I think most States if you just randomly murdered a slave it was indeed considered murder. However in the “slaveocracy” the plantation owners were essentially all of the local and State elected officials, much of the lawyer class would be second sons and such of plantation owners, the judges would be kin to plantation owners, all the Federal elected officials would be plantation owners etc. The Southern “slaveocracy” was the closest we had in America to the situation in the UK where a lot of power was actually still held by hereditary nobility even after the UK had technically become a democracy, the South was like that.
So while killing a slave for no reason or in a manner consistent with “murder” was illegal in many or even all slave States prosecutions would be difficult. For one, why would a prosecutor prosecute? They were cronies of the slave owners. Who would even notify the authorities a slave had been murdered? If it happened on the plantation, obviously the white overseers wouldn’t rat on their boss. The slave owner’s family wouldn’t be turning him in. And slaves would not be permitted to leave the plantation in the first place so how would they get to the authorities? If they did, who would listen? If they found someone who would listen, how would they convict? Blacks, freedmen or slave, to my knowledge, were not allowed to testify in courts in the antebellum South (I know this was true in Virginia in the late 18th century at least.)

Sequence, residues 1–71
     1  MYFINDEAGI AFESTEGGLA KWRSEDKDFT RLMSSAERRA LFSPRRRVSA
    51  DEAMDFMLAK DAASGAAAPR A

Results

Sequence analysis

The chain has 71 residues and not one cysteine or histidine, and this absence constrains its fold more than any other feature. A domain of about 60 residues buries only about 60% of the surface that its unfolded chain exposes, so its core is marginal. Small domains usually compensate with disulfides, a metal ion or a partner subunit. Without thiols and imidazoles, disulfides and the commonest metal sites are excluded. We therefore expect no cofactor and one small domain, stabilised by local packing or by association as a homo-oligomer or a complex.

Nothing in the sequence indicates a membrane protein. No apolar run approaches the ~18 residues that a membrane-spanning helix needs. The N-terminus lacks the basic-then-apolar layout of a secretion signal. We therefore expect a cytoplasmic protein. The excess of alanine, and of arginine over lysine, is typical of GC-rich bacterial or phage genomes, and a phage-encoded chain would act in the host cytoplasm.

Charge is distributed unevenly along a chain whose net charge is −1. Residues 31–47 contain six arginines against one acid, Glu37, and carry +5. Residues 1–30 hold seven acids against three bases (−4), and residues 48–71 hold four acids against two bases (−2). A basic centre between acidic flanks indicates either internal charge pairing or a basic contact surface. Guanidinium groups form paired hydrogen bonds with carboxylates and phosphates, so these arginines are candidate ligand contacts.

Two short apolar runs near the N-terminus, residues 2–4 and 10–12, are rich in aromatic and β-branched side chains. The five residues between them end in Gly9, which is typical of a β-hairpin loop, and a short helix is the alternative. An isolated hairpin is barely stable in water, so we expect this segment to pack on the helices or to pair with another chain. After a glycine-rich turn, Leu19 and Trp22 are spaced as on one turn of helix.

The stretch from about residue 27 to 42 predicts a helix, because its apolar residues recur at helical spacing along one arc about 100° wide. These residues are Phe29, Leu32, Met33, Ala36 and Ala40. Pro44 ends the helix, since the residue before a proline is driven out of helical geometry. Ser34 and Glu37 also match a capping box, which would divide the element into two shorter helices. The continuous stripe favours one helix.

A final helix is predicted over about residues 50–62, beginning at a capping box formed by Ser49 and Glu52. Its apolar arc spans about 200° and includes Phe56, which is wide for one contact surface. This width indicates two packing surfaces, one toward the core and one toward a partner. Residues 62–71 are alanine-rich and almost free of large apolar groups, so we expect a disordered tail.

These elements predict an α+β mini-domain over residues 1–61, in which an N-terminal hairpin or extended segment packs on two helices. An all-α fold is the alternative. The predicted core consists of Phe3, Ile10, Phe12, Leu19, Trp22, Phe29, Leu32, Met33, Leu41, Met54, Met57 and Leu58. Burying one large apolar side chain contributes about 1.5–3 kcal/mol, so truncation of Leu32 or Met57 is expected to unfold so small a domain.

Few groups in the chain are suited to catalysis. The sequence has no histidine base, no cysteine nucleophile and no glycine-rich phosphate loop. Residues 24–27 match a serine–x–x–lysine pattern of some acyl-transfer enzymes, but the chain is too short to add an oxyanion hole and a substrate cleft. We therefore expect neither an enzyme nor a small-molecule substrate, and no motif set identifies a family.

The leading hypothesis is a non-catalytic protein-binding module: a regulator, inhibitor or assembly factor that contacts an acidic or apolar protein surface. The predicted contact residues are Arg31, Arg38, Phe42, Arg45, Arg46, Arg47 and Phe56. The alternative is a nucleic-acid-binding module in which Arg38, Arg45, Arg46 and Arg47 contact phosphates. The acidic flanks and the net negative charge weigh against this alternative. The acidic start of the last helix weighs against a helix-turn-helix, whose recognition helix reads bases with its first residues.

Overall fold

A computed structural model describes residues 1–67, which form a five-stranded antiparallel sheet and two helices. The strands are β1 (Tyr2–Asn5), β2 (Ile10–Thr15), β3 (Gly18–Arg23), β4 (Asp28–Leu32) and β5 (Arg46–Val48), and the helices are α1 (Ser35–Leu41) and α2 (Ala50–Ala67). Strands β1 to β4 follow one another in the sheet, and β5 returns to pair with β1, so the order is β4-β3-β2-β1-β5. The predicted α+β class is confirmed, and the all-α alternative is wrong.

If I had to guess, knowing nothing about it, the only slaveowners if any who were prosecuted and convicted of murdering a slave were probably the “meager” owners who ran small farms with 1-2 slaves and who for whatever reason had enemies in the aristocratic planter class who had become aware said owner had killed a slave and decided to push for his prosecution primarily out of a personal animus.
In the post war South up until the Civil Rights movement I’d say the typical response to a murdered black man would be an investigation where the prosecutor looked into it and most of the time determined there weren’t witnesses/no evidence to prosecute. The rare prosecutions, all white juries would acquit. I use the term “prosecutor” loosely as well, because I know in some places we didn’t get government employed formal prosecutors to fairly late. I think in some instances a posse or ad hoc band of citizens might capture a criminal and a judge would set a case and basically some local attorney would step up to do the government’s work on that case.